Thursday, 1 December 2016

Why see a Counsellor or Therapist?

Why would someone go to the expense, time and commitment to train as a counsellor if it were easy to guide someone through change or the relief of symptoms?

In 1989, it cost approximately £10,000 to train as a counsellor. I studied for a Diploma in Higher Education which involved extensive group work and I also took a Diploma in Counselling. For the Diploma in Counselling, I understudied with an experienced therapist for almost two years and I read forty books during this time as well as writing a dissertation, keeping a personal journal and being a client myself so I have more than adequate knowledge about the process and how it can affect someone on many levels. As a qualified and experienced counsellor, if I see a client with a major problem, such as self-harm or feelings of suicide, I pay to see a supervisor, which can be extremely costly. I have insurance and maintain a comfortable venue to see clients, all this costs money and that is why it is necessary for me to charge for my time and expertise.


The reason I trained as a counsellor was so that I could give people the very best attention that is possible, not just saying what comes to mind at the time but using methods and techniques that have been properly researched and are effective and safe. I would want this for myself and my loved ones, so why not give others the best too? Yes, I know what it means to be distraught, worried, depressed, exhausted and frustrated. However, I must remain unrestimulated when my client tells me about their over whelming and painful experiences, for this person is different to me, and though I can empathise, I must remain separate and be able to think clearly, rationally and analytically. If I get confused over what is me and what is them, I am involved in an over-identification, which confuses everyone about who is the client and who is the counsellor!  They are seeking counselling from me, not me from them. The client must know they can lean on me because I am strong and though I can understand, I can still bear the weight of their troubles. I must be truthful, honest and transparent at all times, have no judgments about their character or past actions and must be able to place myself in their shoes - how do I know how I would behave if I were in their position!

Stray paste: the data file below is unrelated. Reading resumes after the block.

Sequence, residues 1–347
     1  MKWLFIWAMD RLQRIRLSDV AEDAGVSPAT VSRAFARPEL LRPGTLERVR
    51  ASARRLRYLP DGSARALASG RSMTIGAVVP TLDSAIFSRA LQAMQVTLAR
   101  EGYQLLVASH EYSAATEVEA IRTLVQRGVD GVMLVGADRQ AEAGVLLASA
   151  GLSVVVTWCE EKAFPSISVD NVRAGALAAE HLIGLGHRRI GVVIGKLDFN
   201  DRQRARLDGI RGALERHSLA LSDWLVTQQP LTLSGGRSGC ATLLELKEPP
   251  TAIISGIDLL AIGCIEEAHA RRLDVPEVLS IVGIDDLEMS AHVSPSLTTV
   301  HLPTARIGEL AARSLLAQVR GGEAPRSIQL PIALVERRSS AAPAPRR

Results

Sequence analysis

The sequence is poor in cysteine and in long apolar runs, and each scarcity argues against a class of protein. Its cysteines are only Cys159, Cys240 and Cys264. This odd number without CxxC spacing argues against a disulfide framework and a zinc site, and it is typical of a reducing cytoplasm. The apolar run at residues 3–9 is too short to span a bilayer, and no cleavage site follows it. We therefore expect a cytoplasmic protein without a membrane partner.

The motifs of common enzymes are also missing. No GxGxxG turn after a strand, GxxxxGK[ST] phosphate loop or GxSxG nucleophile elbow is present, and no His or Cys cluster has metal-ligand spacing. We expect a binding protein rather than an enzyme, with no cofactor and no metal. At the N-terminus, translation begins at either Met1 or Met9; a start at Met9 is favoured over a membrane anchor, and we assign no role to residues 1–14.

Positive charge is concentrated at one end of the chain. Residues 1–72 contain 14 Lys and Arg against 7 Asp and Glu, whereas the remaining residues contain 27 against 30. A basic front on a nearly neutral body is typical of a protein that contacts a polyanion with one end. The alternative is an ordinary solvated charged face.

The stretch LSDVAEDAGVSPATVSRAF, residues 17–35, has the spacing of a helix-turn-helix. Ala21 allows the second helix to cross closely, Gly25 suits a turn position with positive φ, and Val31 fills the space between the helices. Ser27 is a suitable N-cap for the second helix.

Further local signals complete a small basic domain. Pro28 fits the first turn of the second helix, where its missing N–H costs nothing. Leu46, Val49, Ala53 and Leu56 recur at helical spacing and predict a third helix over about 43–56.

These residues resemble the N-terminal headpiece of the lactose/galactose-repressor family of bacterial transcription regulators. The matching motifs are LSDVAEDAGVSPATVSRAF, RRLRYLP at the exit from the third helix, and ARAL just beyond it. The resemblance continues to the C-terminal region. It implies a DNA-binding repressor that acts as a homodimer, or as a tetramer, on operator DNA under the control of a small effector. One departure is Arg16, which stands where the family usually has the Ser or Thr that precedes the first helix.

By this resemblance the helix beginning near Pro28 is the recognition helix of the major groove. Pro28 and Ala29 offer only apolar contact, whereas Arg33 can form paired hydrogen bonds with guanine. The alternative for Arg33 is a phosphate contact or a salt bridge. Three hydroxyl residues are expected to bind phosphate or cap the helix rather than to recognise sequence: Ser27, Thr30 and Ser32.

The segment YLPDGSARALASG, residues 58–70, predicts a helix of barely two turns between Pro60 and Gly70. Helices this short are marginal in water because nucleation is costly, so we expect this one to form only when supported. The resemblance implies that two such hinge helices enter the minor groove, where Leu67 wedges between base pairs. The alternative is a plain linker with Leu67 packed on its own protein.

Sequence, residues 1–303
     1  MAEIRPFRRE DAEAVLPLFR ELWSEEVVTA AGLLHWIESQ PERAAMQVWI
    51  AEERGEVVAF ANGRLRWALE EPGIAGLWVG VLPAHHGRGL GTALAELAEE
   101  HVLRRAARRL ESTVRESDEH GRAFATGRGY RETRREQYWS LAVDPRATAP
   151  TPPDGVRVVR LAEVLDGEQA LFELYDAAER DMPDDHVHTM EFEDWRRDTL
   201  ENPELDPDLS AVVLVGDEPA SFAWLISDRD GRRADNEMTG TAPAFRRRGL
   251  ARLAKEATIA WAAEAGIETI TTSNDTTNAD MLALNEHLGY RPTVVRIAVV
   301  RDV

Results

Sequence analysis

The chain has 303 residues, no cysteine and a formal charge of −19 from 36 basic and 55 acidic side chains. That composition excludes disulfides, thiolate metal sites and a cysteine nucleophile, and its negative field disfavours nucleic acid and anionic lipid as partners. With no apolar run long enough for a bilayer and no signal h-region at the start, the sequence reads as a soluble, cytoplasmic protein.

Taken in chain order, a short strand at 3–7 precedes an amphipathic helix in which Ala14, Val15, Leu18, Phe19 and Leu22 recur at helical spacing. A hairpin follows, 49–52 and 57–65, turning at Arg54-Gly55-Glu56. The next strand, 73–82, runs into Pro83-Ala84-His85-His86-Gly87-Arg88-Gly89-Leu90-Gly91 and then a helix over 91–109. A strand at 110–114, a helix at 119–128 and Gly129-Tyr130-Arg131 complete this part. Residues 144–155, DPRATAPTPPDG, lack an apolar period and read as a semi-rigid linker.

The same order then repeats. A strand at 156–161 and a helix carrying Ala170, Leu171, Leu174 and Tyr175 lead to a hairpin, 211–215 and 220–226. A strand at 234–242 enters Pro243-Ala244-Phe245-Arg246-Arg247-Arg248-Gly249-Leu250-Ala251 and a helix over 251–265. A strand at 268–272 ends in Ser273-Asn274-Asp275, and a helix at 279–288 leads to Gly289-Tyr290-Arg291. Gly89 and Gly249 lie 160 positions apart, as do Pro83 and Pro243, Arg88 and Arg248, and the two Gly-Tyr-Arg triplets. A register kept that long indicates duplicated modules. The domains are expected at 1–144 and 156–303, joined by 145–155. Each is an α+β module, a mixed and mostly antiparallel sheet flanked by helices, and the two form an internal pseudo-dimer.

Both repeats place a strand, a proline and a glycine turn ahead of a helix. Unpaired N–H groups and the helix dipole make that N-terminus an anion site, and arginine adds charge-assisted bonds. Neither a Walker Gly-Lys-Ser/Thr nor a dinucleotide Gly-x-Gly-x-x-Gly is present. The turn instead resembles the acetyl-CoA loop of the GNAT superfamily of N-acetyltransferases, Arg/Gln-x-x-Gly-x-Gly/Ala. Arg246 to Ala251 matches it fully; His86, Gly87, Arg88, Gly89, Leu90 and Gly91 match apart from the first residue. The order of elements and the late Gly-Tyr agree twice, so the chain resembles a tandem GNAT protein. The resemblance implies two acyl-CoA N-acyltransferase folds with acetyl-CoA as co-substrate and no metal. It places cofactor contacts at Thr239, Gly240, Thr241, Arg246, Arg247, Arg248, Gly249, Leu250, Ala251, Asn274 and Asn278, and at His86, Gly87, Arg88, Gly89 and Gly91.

My projections, transferences, and so on, must be within my awareness. Take for instance a client with a messy relationship; the husband and wife are arguing and cannot reach a compromise. An untrained counsellor gave the following advice to the wife, “You should leave him!” However, this might mean a protracted house sale, children moving home and school, and might not be the best or desired course of action, but was only suggested because the counsellor was thinking about her own issues. A trained counsellor would help the client to reach their own conclusions by way of insight, awareness and greater understanding, exploring all avenues and not jumping to conclusions. The client should be empowered to make decisions and not the counsellor seeking power over their client. The client should also be allowed to gain some insight which is arrived at without prompting by the counsellor. 

Many people seek assistance from people who are not trained or qualified, sometimes paying them as much as they would to see a person who has earned some credentials through study and perseverance, considerable cost and time commitment. If you feel you are struggling with emotional conflicts, relationship problems or addictions, avoid discussing them with your next door neighbour or internet chat lines as what people can say can be hurtful, stupid, misleading or destructive. Seek out someone who is qualified to guide you through the process of recovery through tried and tested means. www.wendystokes.co.uk

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